On Thursday, UK officials rejected an application submitted by Cuadrilla Resources to frac for shale gas in northwest England. This is a huge blow to the nascent shale industry in the country, and could potentially deter potential investors.
Cuadrilla’s project at Roseacre Wood near Blackpool would have been one of the UK’s first shale gas production locations. However, the permit refusal indicates the ongoing challenges shale exploration firms confront in surmounting local opposition.
Officials at Lancashire County Council rejected the company’s permit application to frac at the site, saying that the operations would create too much traffic. Hopes have notcompletely been dashed though, as the council is expected to vote on a second application for a nearby site next Monday. But the writing on the wall isn’t good judging by Thursday’s decision.
Cuadrilla said it was not surprised by the decision after Lancashire council planning officers recommended that the application should be rejected. On Friday, the company issued a statement defending its proposed plans.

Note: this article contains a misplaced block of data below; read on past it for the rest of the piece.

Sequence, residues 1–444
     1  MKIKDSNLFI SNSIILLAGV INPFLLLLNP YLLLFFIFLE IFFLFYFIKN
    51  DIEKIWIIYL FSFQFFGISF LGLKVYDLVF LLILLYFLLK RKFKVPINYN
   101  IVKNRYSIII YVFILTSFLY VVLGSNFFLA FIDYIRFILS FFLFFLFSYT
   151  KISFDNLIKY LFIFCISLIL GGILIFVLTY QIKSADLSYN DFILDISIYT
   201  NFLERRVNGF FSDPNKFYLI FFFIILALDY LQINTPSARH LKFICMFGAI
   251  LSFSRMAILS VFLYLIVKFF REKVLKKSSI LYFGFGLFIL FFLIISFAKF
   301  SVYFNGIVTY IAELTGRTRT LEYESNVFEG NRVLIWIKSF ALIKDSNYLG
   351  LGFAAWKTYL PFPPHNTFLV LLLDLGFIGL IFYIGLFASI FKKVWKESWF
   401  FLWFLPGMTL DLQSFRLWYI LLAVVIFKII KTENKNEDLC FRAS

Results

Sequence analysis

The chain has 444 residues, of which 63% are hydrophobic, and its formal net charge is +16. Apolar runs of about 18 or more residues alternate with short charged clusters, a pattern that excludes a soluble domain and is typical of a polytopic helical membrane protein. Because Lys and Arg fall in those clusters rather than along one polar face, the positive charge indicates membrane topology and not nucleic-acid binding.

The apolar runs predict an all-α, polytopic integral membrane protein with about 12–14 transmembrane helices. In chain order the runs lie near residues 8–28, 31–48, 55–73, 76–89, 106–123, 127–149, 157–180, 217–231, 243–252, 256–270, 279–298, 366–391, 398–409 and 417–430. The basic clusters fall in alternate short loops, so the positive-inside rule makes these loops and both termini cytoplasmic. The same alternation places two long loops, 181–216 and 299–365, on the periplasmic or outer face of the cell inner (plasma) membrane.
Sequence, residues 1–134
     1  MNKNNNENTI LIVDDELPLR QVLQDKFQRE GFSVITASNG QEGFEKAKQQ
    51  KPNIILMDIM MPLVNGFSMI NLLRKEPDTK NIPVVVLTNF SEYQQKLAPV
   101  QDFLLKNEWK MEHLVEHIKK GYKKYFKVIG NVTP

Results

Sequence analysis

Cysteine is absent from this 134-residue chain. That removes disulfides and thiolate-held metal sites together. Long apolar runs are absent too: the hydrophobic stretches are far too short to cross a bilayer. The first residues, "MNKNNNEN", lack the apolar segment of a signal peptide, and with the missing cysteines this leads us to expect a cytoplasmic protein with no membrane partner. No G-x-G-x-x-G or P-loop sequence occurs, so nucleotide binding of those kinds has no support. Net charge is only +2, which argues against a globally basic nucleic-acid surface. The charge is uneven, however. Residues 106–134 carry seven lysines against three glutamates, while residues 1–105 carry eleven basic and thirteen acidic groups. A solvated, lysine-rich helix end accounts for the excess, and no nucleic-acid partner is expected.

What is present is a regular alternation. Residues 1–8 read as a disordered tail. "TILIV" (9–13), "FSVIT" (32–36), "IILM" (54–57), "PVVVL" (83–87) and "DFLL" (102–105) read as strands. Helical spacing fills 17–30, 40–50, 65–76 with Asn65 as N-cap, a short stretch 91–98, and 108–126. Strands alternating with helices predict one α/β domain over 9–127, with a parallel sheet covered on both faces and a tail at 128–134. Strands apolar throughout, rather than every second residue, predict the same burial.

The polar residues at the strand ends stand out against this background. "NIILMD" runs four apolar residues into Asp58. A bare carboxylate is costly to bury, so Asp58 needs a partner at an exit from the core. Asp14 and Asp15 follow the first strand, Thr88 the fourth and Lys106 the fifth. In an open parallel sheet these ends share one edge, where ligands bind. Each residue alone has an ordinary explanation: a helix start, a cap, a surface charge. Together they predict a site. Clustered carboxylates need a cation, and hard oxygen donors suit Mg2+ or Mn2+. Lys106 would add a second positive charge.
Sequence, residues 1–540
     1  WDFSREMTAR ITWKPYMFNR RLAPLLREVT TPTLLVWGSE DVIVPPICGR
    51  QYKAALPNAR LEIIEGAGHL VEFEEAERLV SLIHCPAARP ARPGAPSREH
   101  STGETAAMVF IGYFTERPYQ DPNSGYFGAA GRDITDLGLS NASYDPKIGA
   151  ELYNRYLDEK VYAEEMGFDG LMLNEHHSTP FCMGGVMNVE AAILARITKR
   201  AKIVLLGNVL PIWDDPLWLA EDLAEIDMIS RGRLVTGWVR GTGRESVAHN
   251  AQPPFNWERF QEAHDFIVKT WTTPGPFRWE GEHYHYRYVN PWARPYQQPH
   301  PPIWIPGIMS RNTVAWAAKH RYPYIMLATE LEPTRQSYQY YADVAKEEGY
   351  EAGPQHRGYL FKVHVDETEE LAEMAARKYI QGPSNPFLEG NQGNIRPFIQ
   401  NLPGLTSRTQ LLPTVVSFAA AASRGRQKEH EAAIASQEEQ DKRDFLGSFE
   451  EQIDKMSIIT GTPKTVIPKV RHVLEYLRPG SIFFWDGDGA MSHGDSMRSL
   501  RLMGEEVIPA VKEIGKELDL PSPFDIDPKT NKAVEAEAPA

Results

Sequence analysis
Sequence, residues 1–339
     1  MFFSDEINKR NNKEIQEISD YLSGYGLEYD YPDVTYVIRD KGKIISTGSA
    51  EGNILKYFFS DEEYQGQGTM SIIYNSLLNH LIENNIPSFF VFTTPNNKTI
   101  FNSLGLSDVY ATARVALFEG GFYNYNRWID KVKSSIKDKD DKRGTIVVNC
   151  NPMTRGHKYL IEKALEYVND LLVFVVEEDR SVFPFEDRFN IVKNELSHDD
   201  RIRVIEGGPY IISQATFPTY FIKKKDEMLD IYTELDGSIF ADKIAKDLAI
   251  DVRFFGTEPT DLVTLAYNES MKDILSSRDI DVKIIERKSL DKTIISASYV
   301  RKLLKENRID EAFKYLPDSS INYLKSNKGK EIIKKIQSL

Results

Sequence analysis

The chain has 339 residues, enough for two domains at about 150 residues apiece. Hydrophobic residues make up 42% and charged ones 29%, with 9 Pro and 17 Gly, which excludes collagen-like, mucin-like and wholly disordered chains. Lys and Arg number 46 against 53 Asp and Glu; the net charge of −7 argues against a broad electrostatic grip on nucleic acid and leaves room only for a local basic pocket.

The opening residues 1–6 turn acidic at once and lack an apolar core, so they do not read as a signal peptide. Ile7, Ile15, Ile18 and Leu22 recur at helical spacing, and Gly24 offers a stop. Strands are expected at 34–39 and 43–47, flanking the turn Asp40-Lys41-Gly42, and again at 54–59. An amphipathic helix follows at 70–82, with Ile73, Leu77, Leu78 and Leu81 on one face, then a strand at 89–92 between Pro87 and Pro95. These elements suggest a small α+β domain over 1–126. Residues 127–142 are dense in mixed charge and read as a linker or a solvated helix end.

“We remain confident that our original proposed route, together with the proposed road improvements and traffic management plan, was safe and suitable for the modest level of HGV journeys proposed and met all necessary guidelines. We completed the most comprehensive environmental impact assessments ever carried out for operations of this kind. These assessments are the product of thousands of hours of work from independent expert environmental scientists and other engineering specialists and they demonstrate beyond question that the operations can and will be conducted safely and without damage to people’s health or their environment.”
Meanwhile, UKOG Chief Executive Ken Cronin commented, “We are saddened Lancashire County Council has rejected this application but it was expected given the officials’ report. The objections to this development are on narrow, local, site specific issues related to traffic, and on all the substantive environmental and safety matters relating to drilling of the well and hydraulic fracturing, the officials supported this application.”
The UK is estimated to contain large amounts of shale gas, and the government, led by recently reelected Prime Minister David Cameron, has been supportive of developing these reserves to compensate for falling North Sea production.
In addition to local and environmentalist opposition, Scotland lawmakers have imposed a moratorium on granting fracing permits.
So far, only one shale gas well in the UK has been hydraulically fraced. The Cuadrilla project near Blackpool was abandoned after it reportedly triggered an earth tremor that prompted the imposition of an 18-month ban on fracing. This was rescinded in 2012.
Since that time, only three shale gas fracing applications have been submitted- two by Cuadrilla and one by Third Energy.
IGas, INEOS and Egdon Resources are among the other companies active in the UK’s threatened, nascent shale gas efforts.
Feature Image: telegraph.co.uk